2013 – A Good Time To Renovate












Good news for the home building industry. Last week (March 2013) the Commerce Department report showed the rate of single-family home construction at its highest level in four and a half years, the results of this study point to a strengthening economy, housing and renovation market. Yeah!

A survey done  by the popular Houzz site showed that 54% of those polled are planning to do a renovation project on their home this year. All that “pent-up” energy is about to be released into newly designed bathrooms, kitchens and more. In fact, 28% are sprucing up their bathrooms, while 23% are planning to tackle their kitchen or an addition.

Here in Asheville, I have definitely seen an increase in activity. The projects on our schedule this year include a mix of kitchen and bath remodels with several additions, as well as some new construction.

We’re happy to see people investing in their homes.



How To Pick The Best Colors for Your Home (Part 2)

To continue our investigation of picking wall colors for your home, I want to share a couple of other helpful tips.


Pull two or three colors from a favorite painting, photograph or piece of clothing….. something that really resonates with you. Match these colors to samples at a paint store or have your interior designer match them for you. This can be your inspirational palette.


To often, people make the mistake of selecting too many colors, thinking they need to paint each room a different color. This can result in a piecemeal look that chops up the visual flow of an interior.

Instead, if you use your inspirational palette as the basis of your color choices, you can vary the hues and tones of these colors to create a smooth transition from space to space. The result – a more cohesive look to your home.


The most important part of selecting your colors is to trust your gut instinct. Response to color is very visceral and you will know deep within you if a color resonates with you or not. A good designer will not tell you what color to paint your walls, they will guide you to the colors that will suit you best. Trust your instincts and you will be happy with the colors you choose.


How To Pick The Best Colors for Your Home (Part 1)

When choosing wall color for a home, some people get totally overwhelmed.

Here is the approach I use with my interior design clients to make this process easier and more fool-proof.

First,I caution clients that just because a certain color may be your favorite, it may not look good all over your house. A neutral with a hint of a favorite color can be a smart starting place.

Another good starting place is to figure out if you prefer warm (yellows, oranges and reds) or cool colors (blues, greens). Most people gravitate toward one over the other, but you certainly can use both in a home. I like to find a main color first, especially if the design is an open concept.


The number one rule in selecting color is to get samples and paint them on a large poster boards. You don’t want to paint the sample paint on your walls because it is a lesser quality and is not good to have under your new paint coat – believe me I did this years ago in my own home and it really affects the paint job. It is so important to look at the colors in your space on a sunny day, cloudy day and at night. This will help your decision and its much cheaper in the long rung than buying full gallons of your first choice just to discover it looks horrible in your space.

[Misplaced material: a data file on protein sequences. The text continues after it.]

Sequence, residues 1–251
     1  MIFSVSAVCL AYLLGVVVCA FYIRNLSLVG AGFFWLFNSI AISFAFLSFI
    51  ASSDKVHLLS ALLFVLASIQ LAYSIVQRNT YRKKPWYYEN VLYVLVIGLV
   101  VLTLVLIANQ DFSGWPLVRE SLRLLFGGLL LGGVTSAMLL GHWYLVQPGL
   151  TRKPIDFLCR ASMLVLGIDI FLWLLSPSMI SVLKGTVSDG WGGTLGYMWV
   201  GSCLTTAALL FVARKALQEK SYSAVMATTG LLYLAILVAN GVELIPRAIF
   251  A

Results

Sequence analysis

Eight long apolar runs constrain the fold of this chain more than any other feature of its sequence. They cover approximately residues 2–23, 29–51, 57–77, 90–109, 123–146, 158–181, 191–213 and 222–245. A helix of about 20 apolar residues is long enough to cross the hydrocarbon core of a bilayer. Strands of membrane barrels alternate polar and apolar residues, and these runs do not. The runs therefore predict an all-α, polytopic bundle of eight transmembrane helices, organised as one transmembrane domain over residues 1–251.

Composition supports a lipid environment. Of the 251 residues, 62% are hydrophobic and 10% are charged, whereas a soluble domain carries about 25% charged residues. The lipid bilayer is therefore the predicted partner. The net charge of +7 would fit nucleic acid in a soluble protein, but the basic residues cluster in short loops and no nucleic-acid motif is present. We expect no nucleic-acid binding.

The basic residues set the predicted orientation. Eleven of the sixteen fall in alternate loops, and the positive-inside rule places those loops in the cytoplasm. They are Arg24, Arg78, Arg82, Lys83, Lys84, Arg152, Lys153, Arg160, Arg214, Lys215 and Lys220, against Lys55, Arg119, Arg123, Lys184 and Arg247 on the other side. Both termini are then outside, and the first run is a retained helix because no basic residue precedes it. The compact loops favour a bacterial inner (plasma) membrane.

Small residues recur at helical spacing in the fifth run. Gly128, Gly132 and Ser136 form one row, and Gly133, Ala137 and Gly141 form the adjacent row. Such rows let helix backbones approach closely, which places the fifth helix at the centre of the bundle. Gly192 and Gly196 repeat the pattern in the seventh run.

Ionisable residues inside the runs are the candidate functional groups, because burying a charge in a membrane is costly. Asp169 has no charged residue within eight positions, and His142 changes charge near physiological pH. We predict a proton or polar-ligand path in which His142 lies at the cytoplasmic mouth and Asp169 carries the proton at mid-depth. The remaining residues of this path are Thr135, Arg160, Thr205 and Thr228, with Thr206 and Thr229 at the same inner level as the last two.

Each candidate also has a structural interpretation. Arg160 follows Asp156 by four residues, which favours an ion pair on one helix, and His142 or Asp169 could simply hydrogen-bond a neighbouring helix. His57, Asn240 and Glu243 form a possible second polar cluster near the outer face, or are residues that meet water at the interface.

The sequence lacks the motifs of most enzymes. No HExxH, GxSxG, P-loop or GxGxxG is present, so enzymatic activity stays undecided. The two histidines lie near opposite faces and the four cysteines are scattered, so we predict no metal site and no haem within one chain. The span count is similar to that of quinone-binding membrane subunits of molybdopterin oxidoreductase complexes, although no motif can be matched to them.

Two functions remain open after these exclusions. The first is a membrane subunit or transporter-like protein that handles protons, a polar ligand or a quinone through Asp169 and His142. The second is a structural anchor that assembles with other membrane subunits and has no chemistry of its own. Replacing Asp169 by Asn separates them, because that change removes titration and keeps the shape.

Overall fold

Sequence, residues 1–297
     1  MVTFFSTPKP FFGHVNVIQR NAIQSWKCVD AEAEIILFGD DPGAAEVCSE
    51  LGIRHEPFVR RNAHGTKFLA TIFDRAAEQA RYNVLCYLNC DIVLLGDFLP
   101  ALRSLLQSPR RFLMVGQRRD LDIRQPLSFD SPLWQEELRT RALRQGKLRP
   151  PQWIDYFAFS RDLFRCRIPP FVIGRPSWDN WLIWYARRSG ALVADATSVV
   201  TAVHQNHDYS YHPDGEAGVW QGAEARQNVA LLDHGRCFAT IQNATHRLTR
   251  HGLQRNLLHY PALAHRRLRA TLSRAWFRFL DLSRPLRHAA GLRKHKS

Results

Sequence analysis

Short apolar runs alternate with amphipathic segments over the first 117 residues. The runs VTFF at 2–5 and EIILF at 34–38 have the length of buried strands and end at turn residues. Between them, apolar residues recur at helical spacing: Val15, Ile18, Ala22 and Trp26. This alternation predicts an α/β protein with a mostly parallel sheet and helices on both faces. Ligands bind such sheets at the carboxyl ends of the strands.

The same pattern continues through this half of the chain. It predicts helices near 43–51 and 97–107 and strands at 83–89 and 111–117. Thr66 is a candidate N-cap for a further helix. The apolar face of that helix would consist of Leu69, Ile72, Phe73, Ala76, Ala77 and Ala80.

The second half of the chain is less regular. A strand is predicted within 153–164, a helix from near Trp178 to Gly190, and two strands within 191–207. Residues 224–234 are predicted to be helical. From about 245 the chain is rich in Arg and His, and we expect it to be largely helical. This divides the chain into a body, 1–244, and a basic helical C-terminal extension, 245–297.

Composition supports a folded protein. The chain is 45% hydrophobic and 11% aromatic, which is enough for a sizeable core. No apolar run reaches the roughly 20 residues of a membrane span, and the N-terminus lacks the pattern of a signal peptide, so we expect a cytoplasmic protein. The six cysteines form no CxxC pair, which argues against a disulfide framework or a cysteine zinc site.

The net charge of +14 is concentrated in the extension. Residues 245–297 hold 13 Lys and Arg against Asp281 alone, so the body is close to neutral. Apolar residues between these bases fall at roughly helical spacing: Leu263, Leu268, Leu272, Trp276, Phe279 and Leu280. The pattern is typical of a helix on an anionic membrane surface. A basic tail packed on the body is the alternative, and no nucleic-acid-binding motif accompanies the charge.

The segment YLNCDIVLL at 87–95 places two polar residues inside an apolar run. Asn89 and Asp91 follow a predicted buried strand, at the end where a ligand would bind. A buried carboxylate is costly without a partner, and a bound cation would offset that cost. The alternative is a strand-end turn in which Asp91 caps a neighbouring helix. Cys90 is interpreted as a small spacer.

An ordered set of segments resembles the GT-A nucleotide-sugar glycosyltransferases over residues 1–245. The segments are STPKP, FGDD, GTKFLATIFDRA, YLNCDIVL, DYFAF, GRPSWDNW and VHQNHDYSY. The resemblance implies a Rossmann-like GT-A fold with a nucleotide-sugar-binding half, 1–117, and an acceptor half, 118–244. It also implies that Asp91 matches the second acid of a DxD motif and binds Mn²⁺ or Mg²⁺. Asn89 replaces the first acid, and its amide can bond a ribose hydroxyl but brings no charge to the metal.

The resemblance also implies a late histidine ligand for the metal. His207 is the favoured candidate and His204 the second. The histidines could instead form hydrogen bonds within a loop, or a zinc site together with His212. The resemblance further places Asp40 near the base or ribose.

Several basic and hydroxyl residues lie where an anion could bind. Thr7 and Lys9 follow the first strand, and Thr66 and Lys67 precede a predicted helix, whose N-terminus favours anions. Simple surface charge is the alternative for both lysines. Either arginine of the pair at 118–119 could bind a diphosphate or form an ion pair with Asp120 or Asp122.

The amount and direction of natural light affects wall color. Eastern exposure will add a greenish tint, while southern exposure is more yellow, whitish which can brighten or wash colors out. Western light is more orange, and northern light tends to be more grey which neutralizes and cools everything.


With the variety of light bulbs on the market today, it can get confusing what to use and how it can affect the overall look of your home.

Incandescent bulbs will bring out the yellow tones, while fluorescent bulbs will generally bring out the cool tones. However, you can now buy warmer rated CFL’s. LED’s can cast a very cool white light but can also be purchased with a warmer rating.


Every color has a “Light Reflectance Value” (LRV) which is a rating from 0% (absolute black) to 100% (pure reflective white). Similar to a gray scale, the LRV indicates how much light is absorbed or reflected by a color. Many paint samples will list an LRV number. This becomes very helpful when selecting several colors that will been seen together , like in an open concept. If you choose colors that have very different LRV ratings, the result will be jarring as the colors will fight for attention. Staying within 7 or so points in the LRV, you can use different hues without creating a disturbing contrast.

These aspects can help you avoid costly mistakes and guide you toward a color choice that you can be happy with for many years.

How To Determine The Correct Size For a Dining Room Chandelier

A chandelier can set the tone for your dining room so you want to make sure you get the correct size and proportion for your space. Here are some basic guidelines to go by when determining the correct size for your chandelier.


If you’re selecting lighting for a new home and you don’t have dining room furniture yet, there’s a very simple rule you can follow. Add the length and width measurements of the room together. Your answer equals the right size diameter a chandelier should be. For example, if your dining room is 10′ x 14′, a 24″ diameter chandelier would look great.

However, if you already have a table, it’s more important to size the chandelier to the table than the room. A good rule of thumb is to make sure your chandelier is one-half to three-quarters the width of your table.

For the right hanging height, position the bottom of the chandelier about 30-32 inches above the table, adjusting to work with the size of the table and the overall scale of your space.


Casting the right amount of light is so important in creating an ambient setting. You want to avoid the harsh light that comes from functional, or more direct, lighting. Instead, cast a soft, warm glow over your picture-perfect feast. Consider adding a dimmer switch, so you can adjust lighting as needed. You can also use shades for softer lighting.

Picture Source: via Jessica on Pinterest